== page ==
Thailand and U.S. co-host regional WMD non-proliferation workshop

Thailand and the United States jointly hosted a two-day multilateral workshop in Bangkok on August 17-18 to strengthen WMD non-proliferation coordination in Southeast Asia.

As America’s oldest treaty ally in Asia, Thailand has a long history of working with the United States on security issues. The bilateral relationship includes annual joint military exercises and several cooperation on the fight against criminal organizations and a range of transnational crimes, including the smuggling of arms and dangerous materials, including dual-use materials.

The high volume of cross-border trade in the region, home to some of world’s busiest shipping lanes and vibrant export economies, means that local authorities must constantly be on guard against smuggling and trafficking of illicit goods.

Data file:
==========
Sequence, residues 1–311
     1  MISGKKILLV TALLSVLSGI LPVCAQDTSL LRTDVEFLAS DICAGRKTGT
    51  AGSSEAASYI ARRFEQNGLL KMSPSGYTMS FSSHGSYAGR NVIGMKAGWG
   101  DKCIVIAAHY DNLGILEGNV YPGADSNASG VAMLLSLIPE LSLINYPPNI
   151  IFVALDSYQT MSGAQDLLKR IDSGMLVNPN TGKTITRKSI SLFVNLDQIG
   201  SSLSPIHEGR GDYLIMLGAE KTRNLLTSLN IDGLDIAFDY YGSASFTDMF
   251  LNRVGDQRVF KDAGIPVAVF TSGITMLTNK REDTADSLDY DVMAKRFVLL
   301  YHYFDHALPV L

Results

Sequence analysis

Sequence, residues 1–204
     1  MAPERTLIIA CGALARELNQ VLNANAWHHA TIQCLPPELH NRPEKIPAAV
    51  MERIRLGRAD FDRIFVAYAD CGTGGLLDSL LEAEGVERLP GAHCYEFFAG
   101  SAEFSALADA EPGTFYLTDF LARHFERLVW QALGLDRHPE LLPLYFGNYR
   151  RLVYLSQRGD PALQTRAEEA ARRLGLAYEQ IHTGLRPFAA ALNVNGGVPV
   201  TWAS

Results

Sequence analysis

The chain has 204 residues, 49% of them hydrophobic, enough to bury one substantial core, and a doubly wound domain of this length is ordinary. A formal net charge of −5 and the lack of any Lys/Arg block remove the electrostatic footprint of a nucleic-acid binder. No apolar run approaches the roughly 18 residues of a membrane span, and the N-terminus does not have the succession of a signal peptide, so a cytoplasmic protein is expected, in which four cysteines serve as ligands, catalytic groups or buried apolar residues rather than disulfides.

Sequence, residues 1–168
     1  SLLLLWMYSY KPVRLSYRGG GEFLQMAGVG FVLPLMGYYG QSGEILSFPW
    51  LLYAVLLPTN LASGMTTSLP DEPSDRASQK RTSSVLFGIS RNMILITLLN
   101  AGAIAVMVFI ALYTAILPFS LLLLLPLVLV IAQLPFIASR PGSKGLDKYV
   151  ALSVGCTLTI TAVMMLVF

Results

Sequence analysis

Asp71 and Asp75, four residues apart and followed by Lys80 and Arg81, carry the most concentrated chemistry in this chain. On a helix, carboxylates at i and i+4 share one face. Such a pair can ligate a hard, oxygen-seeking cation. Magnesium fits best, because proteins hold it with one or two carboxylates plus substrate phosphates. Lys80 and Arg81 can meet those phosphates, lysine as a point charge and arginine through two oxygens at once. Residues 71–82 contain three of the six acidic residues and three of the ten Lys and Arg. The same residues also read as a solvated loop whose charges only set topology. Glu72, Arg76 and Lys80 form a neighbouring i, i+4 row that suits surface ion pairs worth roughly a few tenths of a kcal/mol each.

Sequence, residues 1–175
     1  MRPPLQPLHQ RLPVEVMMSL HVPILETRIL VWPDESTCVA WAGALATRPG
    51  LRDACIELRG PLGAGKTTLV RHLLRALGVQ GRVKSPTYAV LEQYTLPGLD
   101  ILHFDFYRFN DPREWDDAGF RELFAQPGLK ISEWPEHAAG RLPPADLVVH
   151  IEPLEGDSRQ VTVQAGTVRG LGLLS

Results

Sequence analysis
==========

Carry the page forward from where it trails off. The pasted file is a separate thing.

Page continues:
The Proliferation Security Initiative, or PSI, was established in 2003 “to stop or impede transfers of WMD, their delivery systems, and related materials flowing to and from states and non-state actors of proliferation concern,” the hosts said in a statement. Currently, 106 countries have endorsed PSI.

The two-day Southeast Asia PSI workshop in Bangkok brought together civilian and military leaders from Cambodia, Brunei, Laos, Malaysia, the Philippines, Singapore, Vietnam, Australia, the United States and Thailand.

They examined modern WMD proliferation pathways, improved their understanding of WMD interdiction obligations, explored legal frameworks and best practices, and enhanced the connections of the “Countering WMD” community in Southeast Asia.

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